Having an estate plan is important in order to control how your assets- including personal property, real estate, financial investments, bank accounts, and retirement accounts- will be distributed, to whom they will be distributed, and when they will be distributed. It is important to review and update an estate plan every few years, as circumstances and assets change over time. If you pass away without a will, trust, or other provision for the distribution of your assets, they will be distributed according to specific state law.
The foundational documents in an estate plan usually consist of wills and trusts. There are several different types of trusts that can be specialized according to your assets and wishes. Stone & Sallus LLP can assist in the individualized preparation of your estate plan.
What is a Will?
A will is a legal document that describes how the decedent’s assets will be distributed after death. To illustrate, a person may leave everything to his or her spouse, divide the estate equally among children, or leave specific items to individuals or charities. A person can change or revoke a will at any time, and should routinely review it to ensure it is still aligned with his or her intentions. Without a will, property is divided according to intestate succession rules under state law.
A will names an executor to carry out the wishes of the testator (deceased), who will also pay taxes, creditors, and distribute assets. Probate is the legal process that establishes the validity of the will and administers distribution of the assets. The probate process differs by state, and is often lengthy and expensive.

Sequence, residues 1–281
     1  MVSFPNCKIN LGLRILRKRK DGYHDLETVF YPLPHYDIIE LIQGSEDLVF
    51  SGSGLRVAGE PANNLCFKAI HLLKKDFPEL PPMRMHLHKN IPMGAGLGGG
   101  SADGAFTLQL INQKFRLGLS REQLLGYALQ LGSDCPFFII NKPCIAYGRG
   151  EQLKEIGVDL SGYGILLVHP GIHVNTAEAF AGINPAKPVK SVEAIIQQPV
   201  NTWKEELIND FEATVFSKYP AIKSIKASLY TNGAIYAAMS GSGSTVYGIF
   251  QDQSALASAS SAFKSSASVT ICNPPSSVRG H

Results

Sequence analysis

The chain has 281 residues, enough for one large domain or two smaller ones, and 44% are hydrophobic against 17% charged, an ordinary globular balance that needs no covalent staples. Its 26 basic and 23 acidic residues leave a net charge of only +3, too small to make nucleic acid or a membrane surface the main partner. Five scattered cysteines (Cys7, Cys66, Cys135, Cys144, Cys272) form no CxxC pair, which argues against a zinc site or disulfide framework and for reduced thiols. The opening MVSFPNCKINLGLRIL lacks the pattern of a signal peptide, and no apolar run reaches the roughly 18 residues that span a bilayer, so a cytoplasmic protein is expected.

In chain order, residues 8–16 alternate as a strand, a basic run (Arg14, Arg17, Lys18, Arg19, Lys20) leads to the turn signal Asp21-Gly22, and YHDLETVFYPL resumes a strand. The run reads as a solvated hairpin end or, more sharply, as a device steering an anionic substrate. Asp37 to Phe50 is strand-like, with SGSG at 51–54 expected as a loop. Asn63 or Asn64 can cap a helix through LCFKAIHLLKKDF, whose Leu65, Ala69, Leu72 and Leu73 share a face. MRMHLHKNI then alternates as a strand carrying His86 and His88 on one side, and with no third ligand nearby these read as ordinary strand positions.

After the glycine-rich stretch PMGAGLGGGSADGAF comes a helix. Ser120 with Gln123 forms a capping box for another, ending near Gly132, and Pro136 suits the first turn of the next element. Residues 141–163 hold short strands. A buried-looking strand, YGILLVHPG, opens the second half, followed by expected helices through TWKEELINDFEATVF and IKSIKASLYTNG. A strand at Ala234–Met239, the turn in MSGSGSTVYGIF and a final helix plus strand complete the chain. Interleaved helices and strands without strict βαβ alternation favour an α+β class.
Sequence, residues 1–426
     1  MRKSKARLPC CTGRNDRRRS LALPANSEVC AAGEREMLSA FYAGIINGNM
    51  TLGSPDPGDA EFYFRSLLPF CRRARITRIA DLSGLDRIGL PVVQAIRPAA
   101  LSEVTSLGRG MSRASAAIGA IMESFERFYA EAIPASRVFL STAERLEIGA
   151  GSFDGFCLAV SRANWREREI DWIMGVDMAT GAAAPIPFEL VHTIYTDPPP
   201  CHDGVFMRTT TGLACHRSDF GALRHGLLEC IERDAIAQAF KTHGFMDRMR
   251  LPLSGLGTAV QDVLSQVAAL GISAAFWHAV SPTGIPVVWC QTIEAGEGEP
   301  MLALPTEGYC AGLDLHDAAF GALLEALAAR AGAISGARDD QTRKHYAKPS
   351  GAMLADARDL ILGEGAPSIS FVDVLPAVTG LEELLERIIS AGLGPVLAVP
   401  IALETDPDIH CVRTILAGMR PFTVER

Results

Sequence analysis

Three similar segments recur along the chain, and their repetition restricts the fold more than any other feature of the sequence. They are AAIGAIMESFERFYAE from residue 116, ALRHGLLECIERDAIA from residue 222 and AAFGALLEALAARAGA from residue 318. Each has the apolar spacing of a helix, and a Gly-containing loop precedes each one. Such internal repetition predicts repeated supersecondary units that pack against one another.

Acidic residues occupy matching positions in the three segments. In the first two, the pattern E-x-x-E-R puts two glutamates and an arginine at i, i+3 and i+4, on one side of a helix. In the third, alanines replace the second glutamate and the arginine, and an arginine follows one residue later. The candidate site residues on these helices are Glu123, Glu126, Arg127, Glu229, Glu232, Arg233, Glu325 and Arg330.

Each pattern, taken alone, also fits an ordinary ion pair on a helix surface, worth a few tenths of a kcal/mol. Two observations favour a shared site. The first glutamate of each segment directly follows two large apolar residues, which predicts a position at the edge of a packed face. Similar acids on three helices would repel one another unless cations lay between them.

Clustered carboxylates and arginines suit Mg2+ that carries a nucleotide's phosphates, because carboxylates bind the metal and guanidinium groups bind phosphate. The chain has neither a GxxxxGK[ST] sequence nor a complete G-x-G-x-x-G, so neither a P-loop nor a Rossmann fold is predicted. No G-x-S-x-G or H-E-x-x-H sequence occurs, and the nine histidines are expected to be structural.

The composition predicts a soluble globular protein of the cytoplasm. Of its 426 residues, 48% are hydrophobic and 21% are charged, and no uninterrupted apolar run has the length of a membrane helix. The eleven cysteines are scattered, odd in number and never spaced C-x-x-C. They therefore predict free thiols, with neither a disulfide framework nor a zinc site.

Individuals can create a “pour-over” will that is used in combination with a revocable living trust. Under the terms of a “pour-over” will, all property that passes through the will at your death is transferred to- or poured into- your trust. Then the trust assets are distributed to the trust beneficiaries that you named while you were alive.
What is a Trust?
There are several different types of trusts, each fulfilling a different purpose. A revocable living trust is an estate planning tool made during your lifetime that is used to determine how your assets will be distributed upon death, and the term “revocable” means that you can change the trust terms at any time as your circumstances or wishes change. The individual who forms the trust is known as the grantor, and can also serve as the trustee during life, controlling and managing the assets of the trust. The grantor transfers ownership of property and assets to the trust. The grantor also names a successor trustee to manage the trust for beneficiaries upon death or incapacity.
The grantor can specify what happens if he or she becomes mentally incapacitated during life, and can no longer manage affairs pertaining to the trust, at which time the successor trustee would take over.
Upon death of the grantor, the revocable trust becomes irrevocable because the grantor can no longer make changes to it, and the named successor trustee steps in to take over management and distribution of trust assets. The benefit of living trusts is that they do not go through the probate process, which means a faster distribution of assets.
Other types of trusts include the following, which have estate tax implications.
- Marital Trusts – can be established by one spouse for the benefit of the other. When the first spouse passes away, assets in the trust, along with any income the assets generate, are passed on to the surviving spouse.
- Bypass Trusts- a type of irrevocable trust that transfers assets directly from one spouse to another at the time of the first spouse’s death. The surviving spouse, however, doesn’t hold the assets directly. The trustee manages them instead, which allows those assets to be excluded from the spouse’s estate.
- Charitable Trusts- allows an individual to earmark certain assets for a specific charity.
- Generation-Skipping Trust – allows an individual to pass assets to grandchildren (rather than children)